I wrote an article called “Benefits of tech for home sellers” which talks about using tech like VR, drones, 3D floor plans, and video to sell a home. What I didn’t mention is how it is beginning to disrupt the real estate agent.
The CEO of the National Association of Realtors, Bob Goldberg, in his first live interview said “We don’t get the luxury of sitting back anymore because we will become irrelevant.” Let me take a minute to prove Mr. Goldberg’s point.
I believe most home sellers are more technologically advanced than the majority of real estate agents. For example, 70 percent of home sellers want to have a virtual tour available to home buyers but only 9 percent of Realtors even offering the service. When 33 percent of properties for sale in 11 major cities receive site-unseen offers, this is not a trend, it is a disruptive change.
What about drones? The vast majority, and I do mean the VAST majority of Realtors, according to the National Association of Realtors 2017 member profile “don’t” use drones. Realtor.com discouraged homeowners and Realtors from using drones to give buyers a better view of the neighborhood because of the old confusing unknown regulatory uses of flying drone. Here’s my
quick thought – if Realtors are unsure of drone rules and regulations, consider getting out of the DIY money box and hire a professional to help handle the much wanted service. Drone videos are here to stay and 85% of sellers/buyers believe video is an important process in dealing with real estate, but again only 15 percent of Realtors are using video.
Floor plans have always been an important part of real estate. The biggest problem is you really needed the actual set of architectural blues prints to provide accurate information. Again, that’s yesterday news. The virtual reality technologies, such as Matterport, used to create immersive visuals almost always provides an accurate digital floor plan that is typically 99 percent accurate. These floor plans include room sizes as well as the property total square footage with accuracy. The number 1 and 2 questions buyers always ask are “what’s the square footage of the home and what the room sizes are”. Still, real estate agents are not grasping what sellers want and what buyers need to make educated decisions.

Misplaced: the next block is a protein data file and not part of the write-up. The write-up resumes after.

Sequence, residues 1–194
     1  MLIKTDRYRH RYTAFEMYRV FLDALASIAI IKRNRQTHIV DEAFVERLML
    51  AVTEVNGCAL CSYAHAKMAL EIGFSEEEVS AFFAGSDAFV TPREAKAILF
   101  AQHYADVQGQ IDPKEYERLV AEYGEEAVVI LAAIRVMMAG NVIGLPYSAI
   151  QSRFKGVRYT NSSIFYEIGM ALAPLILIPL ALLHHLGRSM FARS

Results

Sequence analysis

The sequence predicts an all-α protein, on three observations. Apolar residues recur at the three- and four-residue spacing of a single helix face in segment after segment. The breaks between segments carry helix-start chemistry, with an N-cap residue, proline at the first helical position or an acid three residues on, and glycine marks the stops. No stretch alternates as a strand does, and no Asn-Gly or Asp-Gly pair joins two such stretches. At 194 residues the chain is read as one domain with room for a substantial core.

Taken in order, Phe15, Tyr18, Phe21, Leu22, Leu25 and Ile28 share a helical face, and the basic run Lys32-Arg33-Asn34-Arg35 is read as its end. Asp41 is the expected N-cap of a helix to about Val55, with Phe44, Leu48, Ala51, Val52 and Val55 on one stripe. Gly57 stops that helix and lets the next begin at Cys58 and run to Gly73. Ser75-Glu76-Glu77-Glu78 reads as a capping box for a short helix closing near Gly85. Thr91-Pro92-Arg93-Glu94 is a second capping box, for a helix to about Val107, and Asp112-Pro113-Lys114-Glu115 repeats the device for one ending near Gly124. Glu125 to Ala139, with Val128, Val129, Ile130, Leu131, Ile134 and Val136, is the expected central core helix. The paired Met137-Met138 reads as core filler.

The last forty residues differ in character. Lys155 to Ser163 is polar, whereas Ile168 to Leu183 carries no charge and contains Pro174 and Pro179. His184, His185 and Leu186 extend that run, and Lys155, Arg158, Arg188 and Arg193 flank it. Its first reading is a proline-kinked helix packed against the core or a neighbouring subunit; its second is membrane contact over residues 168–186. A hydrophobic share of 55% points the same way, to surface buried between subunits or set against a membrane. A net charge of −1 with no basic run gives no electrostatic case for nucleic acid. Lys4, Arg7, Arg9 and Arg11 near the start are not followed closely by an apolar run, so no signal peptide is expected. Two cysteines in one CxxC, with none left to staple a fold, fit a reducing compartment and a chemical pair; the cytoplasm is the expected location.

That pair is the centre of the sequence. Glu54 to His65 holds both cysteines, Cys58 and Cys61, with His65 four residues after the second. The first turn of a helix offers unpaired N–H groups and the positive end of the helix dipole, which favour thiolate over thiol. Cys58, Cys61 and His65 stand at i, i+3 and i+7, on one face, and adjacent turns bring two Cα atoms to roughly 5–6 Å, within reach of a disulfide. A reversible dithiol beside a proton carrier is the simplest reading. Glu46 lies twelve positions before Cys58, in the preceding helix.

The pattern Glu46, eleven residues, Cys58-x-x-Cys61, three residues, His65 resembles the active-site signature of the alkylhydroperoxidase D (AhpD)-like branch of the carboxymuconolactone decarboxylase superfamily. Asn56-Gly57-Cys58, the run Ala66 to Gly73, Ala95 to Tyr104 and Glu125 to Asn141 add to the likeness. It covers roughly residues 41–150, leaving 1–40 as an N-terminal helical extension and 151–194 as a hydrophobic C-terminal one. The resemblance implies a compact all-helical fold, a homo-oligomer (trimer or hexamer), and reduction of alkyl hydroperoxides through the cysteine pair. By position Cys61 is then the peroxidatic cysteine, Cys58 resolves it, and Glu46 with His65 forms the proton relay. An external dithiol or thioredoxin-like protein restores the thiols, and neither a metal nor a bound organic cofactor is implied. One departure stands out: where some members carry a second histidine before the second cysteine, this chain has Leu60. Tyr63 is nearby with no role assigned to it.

My apologies for throwing around percentages, it is tough not to do. But when there are such discrepancies in what home sellers want and what real estate agents are offering, there is really no other way to drive the point home. If this trend doesn’t change, and soon, Bob Goldberg semi-prediction will come to fruition and the Realtors will become irrelevant.
Websites like 247OpenHouse.US are beginning to come into the mainstream and placing the technology home sellers want front and center to potential buyers. The days of still pictures and useless information overload are already in the next generation’s rear-view mirror. It will be interesting to see how real estate agents deal with not offering the services sellers are now expecting and buyers want. Will the agent be disrupted in the coming future? Whether real estate agents like or not, I think the disruption has already begun.
I teach my clients how we can use of all the amazing technologies; they truly do help home sellers expose their property for sale in the most convenient and safest way possible. Learn more about my selling process now.